FMC wants more information on PierPass changes
Date: Friday, May 25, 2018
Source: American Shipper
The Federal Maritime Commission said Thursday that it issued a request for additional information to the West Coast Marine Terminal Agreement (WCMTOA) in response to its plan to revise the PierPass OffPeak program in the Ports of Los Angeles and Long Beach.
FMC did not detail the kind of additional information it is seeking from WCMTOA — and does not as a matter of policy do so. It said once WCMTOA responds to the questions posed in its request, it will have another 45 days to analyze the amendment.
John Cushing, the president and chief executive officer of PierPass, said the request was not unexpected and that he expected the response could be put together in a timely fashion. He said the questions will go to the 12 terminal companies that belong to WCMTOA and that it is not a public document.
Last month the terminals belonging to WCMTOA filed amendments to make changes they believe will improve service levels at container terminals in the San Pedro Bay complex.
Their plan is to revise PierPass, which was originally created in 2005, to reduce cargo-related traffic congestion and pollution from trucks on roadways in and around the two ports.
In order to encourage shippers to pick up and deliver containers at night or on Saturdays, PierPass charges a fee on containers picked up and delivered during weekdays.
PierPass has proposed that instead, it will charge a lower flat fee around the clock on container transactions. Traffic would be spread out by requiring shippers to have a reservation in order for their truckers to transact business at the marine terminals.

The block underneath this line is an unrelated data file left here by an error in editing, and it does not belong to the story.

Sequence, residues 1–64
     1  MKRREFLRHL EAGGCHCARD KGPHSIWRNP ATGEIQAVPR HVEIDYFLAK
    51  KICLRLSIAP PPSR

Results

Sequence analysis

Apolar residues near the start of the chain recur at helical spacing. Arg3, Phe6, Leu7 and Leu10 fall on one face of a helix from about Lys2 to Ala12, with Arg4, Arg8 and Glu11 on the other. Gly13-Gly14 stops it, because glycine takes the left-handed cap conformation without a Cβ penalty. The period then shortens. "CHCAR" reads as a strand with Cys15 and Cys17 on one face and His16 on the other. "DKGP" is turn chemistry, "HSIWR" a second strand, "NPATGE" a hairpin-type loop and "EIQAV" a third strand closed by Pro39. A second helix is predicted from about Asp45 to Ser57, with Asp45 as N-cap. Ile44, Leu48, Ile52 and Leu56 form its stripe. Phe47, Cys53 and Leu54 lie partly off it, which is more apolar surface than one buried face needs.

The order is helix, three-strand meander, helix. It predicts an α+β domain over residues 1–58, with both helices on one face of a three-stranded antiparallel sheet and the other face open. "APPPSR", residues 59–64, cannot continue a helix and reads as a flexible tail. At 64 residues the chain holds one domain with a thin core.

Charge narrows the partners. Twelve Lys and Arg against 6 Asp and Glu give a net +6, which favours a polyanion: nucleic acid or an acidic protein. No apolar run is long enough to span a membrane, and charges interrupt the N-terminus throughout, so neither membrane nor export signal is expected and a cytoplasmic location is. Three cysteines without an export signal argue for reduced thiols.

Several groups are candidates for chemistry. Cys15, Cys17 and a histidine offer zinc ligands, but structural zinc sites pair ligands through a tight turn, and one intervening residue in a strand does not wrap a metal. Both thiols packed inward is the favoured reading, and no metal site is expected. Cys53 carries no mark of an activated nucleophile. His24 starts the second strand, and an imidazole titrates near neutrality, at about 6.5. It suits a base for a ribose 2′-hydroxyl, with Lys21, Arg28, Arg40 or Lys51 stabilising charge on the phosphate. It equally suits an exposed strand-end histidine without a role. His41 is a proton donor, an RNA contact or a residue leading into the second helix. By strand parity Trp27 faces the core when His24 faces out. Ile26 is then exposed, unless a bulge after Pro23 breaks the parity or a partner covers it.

PierPass says the fees are used to help fund the cost of terminals staying open for extended hours.
While the existing program has succeeded in moving about half of the truck traffic at the two ports to nights or weekends, some shippers have long bristled at the fees and questioned why the terminals don’t just collect the money they need from the container lines that are their customers rather than from shippers.
The proposed changes have gotten mixed reviews — some shippers, government officials and major organizations representing truckers such as the Harbor Trucking Association and California Trucking Association have applauded the planned changes. Other shippers or their associations have raised objections to the program or revisions.
The FMC could discuss possible changes with PierPass and could theoretically even seek an injunction against WCMTOA over the revised agreement if it feels the changes will result in an unreasonable reduction in transportation service or an unreasonable increase in transportation cost. But FMC has only tried to use its injunction power against an agreement once — and then unsuccessfully.
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